1. Increasing rent can be a pain-point for landlords and requires thoughtful consideration of the current market, your relationship with your tenants and the long-term repercussions of the action. These are some of our thoughts on rent increases and how to approach them.

    Know Your Rights and Responsibilities

    Before making any adjustments to rent, landlords must understand their obligations by law.

    In New South Wales, under the Residential Tenancies Act 2010 and Residential Tenancies Act Regulation 2010, a landlord can only increase rent if written notice of 60 days is given and in the event that rent is increased tenants may lodge an objection if they believe that the rent is above market.

    Having good tenants and no vacancy makes much more sense economically than pushing for the highest rent possible and losing a good tenant. All business relationships thrive when there is an understanding between the parties involved and we believe this applies in a big way to the leasing world. If the Landlord is not asking for the highest rent possible and the tenant feels appreciated for their on-time rent payments and taking good care everyone benefits from a long-term tenancy, reliable rent payments and a well cared for property.

    Assess the Market

    Increasing the rent of your property needs to be an informed and educated decision. To set a fair rental figure, consider the state of the current market. Are vacancy rates high? How does your current rent compare to similar properties in the area? If there is a difference, do the features and amenities your property provides justify this discrepancy?

    Rental prices are predominately influenced by the pricing of similar properties on the market. Making small, regular adjustments to your rent will help you maintain your rental return and avoid the need for large sudden increases that may encourage tenants to move on.

    Discuss the state of the market with your property manager and get their advice before deciding. No-one understands the market better than the people who are working in it every day.

    Foster a Lasting Relationship with Your Tenants

    Increasing rental rates proves a delicate balancing act between keeping your financial interests in mind, whilst also delivering just prices to your tenants.

    Ask yourself the following questions when considering an increase: how long has it been since the last rent rise? Am I willing to risk losing loyal tenants for a higher weekly return or should I perhaps wait a bit longer? What might be the financial impact if the tenants vacate the property due to the rent increase? What might the financial impact if I do not increase the rent?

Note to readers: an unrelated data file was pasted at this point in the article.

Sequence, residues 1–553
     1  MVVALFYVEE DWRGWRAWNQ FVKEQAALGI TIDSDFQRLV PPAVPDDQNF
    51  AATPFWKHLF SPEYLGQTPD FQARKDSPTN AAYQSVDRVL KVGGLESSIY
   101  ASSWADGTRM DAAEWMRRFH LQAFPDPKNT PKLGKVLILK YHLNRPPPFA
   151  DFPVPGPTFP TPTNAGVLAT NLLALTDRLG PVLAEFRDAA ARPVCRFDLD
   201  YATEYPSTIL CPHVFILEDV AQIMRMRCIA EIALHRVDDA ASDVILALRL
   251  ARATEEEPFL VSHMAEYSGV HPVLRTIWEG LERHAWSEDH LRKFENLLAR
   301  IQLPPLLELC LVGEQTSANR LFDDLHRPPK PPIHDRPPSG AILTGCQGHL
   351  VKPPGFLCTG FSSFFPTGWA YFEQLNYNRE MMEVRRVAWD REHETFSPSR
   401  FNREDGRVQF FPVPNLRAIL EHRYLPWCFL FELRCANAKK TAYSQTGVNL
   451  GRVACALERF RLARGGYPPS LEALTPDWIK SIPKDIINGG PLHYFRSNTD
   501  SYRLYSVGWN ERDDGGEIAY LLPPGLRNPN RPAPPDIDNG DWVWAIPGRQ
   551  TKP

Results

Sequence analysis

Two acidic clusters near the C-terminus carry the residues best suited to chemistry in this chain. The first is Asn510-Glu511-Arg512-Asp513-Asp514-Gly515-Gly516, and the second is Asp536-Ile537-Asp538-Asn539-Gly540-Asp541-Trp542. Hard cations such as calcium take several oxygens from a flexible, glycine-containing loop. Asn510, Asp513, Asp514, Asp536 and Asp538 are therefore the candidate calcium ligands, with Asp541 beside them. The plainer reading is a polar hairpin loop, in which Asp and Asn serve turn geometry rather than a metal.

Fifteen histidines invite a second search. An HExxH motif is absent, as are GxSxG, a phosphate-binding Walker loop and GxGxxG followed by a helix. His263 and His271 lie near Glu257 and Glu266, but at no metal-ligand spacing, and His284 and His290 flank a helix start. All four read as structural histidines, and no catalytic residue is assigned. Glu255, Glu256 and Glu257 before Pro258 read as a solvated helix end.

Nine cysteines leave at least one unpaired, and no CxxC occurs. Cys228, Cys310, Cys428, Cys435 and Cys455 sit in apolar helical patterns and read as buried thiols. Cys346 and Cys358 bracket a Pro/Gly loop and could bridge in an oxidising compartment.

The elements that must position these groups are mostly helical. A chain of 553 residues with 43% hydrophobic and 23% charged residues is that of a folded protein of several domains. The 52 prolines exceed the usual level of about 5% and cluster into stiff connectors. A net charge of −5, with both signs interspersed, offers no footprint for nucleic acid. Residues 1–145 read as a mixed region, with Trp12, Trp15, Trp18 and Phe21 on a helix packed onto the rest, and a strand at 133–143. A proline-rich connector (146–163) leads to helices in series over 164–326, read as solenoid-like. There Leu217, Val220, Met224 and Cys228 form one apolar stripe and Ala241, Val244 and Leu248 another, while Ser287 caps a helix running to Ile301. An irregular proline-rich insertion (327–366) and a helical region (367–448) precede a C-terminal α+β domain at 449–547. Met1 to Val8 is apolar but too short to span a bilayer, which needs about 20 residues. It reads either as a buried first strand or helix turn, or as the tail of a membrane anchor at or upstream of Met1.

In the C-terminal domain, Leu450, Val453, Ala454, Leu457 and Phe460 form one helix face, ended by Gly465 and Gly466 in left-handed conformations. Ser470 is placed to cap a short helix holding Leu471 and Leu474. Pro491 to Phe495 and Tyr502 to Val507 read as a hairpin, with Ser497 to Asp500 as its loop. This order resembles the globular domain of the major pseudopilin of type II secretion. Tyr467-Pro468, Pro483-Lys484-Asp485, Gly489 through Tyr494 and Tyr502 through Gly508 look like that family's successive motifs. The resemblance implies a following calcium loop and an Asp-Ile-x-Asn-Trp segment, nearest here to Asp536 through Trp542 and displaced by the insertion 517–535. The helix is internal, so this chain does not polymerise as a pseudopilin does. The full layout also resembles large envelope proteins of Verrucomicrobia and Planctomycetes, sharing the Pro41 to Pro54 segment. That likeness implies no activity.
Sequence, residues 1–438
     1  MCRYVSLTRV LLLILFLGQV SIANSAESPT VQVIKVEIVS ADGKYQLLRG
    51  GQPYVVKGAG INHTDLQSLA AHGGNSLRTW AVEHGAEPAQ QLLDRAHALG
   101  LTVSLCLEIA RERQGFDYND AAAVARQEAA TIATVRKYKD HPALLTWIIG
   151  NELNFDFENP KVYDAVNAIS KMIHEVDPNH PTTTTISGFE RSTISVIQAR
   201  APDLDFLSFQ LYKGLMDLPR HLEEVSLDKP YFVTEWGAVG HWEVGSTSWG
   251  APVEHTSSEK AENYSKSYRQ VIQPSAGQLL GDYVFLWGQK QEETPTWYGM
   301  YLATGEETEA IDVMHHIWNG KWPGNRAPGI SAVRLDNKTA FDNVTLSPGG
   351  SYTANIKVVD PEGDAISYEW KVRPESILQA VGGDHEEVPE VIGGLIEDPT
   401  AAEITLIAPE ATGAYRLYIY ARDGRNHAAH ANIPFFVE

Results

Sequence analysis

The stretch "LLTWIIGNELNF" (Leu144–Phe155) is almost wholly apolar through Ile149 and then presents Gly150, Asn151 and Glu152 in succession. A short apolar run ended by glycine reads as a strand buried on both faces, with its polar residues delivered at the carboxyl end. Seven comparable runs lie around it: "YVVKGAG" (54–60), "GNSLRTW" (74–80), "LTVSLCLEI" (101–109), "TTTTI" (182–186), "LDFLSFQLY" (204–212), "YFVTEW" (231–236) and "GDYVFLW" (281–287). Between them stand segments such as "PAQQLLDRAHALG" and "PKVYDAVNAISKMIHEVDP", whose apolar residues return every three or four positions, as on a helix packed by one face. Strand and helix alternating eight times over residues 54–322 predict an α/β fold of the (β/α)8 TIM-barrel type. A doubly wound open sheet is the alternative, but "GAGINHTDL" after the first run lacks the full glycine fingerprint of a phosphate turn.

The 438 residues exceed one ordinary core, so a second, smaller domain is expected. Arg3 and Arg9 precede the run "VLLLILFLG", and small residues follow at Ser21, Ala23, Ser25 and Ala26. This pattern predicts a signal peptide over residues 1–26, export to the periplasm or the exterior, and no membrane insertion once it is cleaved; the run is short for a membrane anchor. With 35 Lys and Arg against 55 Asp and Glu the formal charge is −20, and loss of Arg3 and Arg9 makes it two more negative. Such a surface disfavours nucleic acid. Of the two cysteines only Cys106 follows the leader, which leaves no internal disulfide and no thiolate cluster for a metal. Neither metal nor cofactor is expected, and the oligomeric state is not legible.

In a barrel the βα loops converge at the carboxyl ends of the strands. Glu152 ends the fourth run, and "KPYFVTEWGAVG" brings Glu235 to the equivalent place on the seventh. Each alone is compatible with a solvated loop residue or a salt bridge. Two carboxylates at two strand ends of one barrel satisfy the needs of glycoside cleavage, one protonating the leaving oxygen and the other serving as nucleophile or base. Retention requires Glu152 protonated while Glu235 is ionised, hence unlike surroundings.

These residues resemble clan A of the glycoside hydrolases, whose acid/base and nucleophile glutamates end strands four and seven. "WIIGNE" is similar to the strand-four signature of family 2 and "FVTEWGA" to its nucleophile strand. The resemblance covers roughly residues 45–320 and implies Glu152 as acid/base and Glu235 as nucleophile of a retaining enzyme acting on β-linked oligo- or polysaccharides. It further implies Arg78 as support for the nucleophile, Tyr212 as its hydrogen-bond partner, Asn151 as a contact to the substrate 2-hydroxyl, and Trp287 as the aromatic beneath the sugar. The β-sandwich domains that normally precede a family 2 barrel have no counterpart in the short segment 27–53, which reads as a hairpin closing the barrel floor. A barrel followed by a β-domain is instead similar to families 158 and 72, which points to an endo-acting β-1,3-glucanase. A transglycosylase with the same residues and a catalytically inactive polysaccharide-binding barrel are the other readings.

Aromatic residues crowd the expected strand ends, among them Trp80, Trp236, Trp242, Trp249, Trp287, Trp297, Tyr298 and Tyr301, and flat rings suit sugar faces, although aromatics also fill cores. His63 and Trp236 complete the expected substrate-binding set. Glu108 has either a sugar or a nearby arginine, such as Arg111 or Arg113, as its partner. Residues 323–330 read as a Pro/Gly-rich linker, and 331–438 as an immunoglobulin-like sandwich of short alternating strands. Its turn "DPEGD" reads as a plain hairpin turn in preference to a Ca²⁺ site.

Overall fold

Communication is Key

    Clear correspondence is the most effective way of avoiding conflict with your tenants. By providing ample notice about rental rate increases, your tenants are assured the time necessary to budget for these adjustments.

    Prepare to address any feedback from your tenants and offer sensible reasons to justify the increase you are asking for if required. For example, higher outgoings such as interest rates and any improvements to the property that will improve tenants’ quality of life. Discuss this in a fair and direct manner that explains your situation and in addition to this remember that the property you own was purchased as an investment and it is not unfair that you would want it to show a return.

    Regardless of the details of the situation, having a property manager communicate on your behalf will help remove unnecessary emotion. If your property manager has a good relationship with your tenants this will be advantageous from a negotiation perspective as well. An experienced property manager will be very familiar with the process involved in a rental increase and the ability to explain a somewhat sensitive situation and move towards an outcome that suits both parties.


    About Laing & Simmons Double Bay Property Management

    Laing + Simmons Double Bay Property Management is part of a high-profile franchise group yet remains independently owned by Principals Suzie Reid and Bart Doff.

    The office is acknowledged as the market leader in prestige Eastern suburbs leasing, a reputation which has been forged in over 25 years leasing and managing a large portfolio of the best properties available in the Eastern Suburbs rental market.

    Contact us today to see how we can help manage your investment property, or to find a rental property to suit your needs.

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